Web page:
Jackie Maurer is a ceramicist and educator who lives and works in the Burren, Ballyvaughan, Co. Clare. She has been educating and practicing in the field of ceramics for over 15 year’s. She holds a first class honours degree and in her early days was trained by Stephan Pearse, Mandy Parslow and on the Thomas Town pottery skills course in Co Kilkenny. In 2012 she became a student future maker recipient and has exhibited internationally and nationally throughout the years. Jackie is currently the regional co coordinator in Co Clare for the Crafted course that is run by the DCCOI. Jackie is passionate about teaching and sharing the skills of ceramics so that the skills are not forgotten and the gift of making with your hands is passed on.
Practice – My sense of place, the connection to my environments and my cultural surrounding are all metaphorically becoming present in my work. I am reflecting deeply into my inner sense of being and questioning my connection to the place. My thought processes are been defined by my action of choosing to live rurally and inhabiting a slower pace of life. Looking and responding to the ever changing moods, textures and tones of the landscape is evidentially present in the objects. Being a studio potter is a very traditional trade and the work is often very identifiable, I find my practice returning to this style of making where the function of the object is very functionable. I find myself making pots in small series and repeatedly making similar forms in various sizes and exploring the relationship between them. The function of the object is very important in both strands of my work. Education Currently I am the regional coordinator for the Crafted program in Co Clare, Crafted is about integrating crafts skills in to primary education, I also teach on this program. I run many tailored made classes from my own studio in the Burren for adults and children. I have taught on CPD courses for primary school teachers. Education is very important to me as a maker as I feel that its up to those who are skilled in their field to pass on those skills to the next generation of makers and to people who are willing to learn.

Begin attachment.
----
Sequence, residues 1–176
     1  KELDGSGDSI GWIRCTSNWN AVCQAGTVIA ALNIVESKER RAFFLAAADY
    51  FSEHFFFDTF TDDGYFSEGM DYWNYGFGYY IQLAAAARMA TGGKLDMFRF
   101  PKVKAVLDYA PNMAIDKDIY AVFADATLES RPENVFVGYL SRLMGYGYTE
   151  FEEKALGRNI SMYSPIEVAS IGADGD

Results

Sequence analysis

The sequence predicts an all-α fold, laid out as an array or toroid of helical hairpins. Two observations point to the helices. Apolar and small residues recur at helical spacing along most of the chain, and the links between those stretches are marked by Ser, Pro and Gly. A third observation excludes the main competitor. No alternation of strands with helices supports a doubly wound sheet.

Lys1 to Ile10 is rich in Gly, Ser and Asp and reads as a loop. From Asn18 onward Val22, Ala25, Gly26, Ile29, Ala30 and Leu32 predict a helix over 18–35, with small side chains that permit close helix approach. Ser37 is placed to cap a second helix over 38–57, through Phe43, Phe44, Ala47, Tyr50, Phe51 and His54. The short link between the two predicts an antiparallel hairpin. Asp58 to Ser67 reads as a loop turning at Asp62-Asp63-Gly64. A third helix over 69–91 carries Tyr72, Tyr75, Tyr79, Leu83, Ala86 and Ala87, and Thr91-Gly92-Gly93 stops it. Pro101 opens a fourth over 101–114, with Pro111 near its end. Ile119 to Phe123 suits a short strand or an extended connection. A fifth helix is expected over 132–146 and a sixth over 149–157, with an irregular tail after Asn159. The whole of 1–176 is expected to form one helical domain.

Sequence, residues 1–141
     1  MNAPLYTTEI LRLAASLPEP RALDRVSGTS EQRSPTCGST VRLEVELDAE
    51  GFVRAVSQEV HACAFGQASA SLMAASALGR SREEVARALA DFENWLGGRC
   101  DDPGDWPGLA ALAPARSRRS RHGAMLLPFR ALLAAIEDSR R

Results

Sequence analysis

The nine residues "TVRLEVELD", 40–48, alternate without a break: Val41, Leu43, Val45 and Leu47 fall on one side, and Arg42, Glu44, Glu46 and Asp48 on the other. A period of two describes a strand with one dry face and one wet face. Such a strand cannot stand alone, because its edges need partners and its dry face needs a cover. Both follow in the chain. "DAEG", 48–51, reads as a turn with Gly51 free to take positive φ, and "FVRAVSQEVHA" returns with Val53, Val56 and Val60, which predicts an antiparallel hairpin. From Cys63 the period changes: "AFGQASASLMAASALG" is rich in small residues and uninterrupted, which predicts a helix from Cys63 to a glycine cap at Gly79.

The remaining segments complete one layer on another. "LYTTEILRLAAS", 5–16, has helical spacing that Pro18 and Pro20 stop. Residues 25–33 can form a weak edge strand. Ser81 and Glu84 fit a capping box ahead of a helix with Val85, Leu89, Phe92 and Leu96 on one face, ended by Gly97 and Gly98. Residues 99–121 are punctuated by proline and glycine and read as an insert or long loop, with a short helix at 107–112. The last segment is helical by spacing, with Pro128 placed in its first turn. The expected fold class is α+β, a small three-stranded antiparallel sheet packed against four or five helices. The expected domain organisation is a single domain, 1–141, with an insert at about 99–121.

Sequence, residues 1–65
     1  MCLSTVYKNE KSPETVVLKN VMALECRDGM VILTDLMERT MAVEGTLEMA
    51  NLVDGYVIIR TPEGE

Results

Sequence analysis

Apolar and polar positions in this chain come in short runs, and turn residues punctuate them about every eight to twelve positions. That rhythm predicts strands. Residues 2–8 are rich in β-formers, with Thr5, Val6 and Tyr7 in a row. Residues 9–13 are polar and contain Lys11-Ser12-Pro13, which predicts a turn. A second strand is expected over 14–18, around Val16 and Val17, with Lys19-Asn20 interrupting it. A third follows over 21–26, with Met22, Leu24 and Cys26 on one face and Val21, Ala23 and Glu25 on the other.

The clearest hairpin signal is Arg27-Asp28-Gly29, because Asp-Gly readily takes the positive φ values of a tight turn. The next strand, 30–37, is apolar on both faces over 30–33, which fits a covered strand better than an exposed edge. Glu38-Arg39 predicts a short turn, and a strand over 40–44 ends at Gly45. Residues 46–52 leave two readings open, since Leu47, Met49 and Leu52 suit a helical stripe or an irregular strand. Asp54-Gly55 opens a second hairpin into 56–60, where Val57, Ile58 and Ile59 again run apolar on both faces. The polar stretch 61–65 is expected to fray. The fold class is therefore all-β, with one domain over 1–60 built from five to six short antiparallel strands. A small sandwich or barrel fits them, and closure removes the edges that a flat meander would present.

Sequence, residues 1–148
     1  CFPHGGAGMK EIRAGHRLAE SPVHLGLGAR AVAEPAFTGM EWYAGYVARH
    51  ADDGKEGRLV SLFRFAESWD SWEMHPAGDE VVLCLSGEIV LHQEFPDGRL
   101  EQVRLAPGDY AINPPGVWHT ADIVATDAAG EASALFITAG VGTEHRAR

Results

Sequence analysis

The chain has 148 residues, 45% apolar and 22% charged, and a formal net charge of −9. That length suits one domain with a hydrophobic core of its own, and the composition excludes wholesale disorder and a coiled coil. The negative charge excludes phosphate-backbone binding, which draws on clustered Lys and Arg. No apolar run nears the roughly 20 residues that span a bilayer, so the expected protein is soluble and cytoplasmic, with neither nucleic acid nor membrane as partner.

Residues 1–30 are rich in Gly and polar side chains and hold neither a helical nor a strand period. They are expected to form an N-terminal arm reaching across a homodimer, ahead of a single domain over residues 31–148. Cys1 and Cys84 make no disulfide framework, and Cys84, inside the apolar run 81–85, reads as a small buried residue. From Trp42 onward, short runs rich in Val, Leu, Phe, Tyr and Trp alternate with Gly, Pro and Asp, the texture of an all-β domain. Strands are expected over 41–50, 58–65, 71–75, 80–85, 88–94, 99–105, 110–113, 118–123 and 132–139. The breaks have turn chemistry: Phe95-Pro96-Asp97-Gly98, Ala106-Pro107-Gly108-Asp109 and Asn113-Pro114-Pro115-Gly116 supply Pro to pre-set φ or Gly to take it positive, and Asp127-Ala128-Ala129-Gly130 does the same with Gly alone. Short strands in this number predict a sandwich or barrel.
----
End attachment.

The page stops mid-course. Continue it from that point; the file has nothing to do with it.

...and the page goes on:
Process – Porcelain clay is my material of choice, I surrender to its laborious and challenging needs. Yet it often disappoints, but when it behaves the results of the works are extremely beautiful. I am constantly pushing the clay to try and achieve work that speaks of the landscape, dying the material with many different oxides and stains to capture the moods and colours that I desire. The process is slow but the journey excites my soul.
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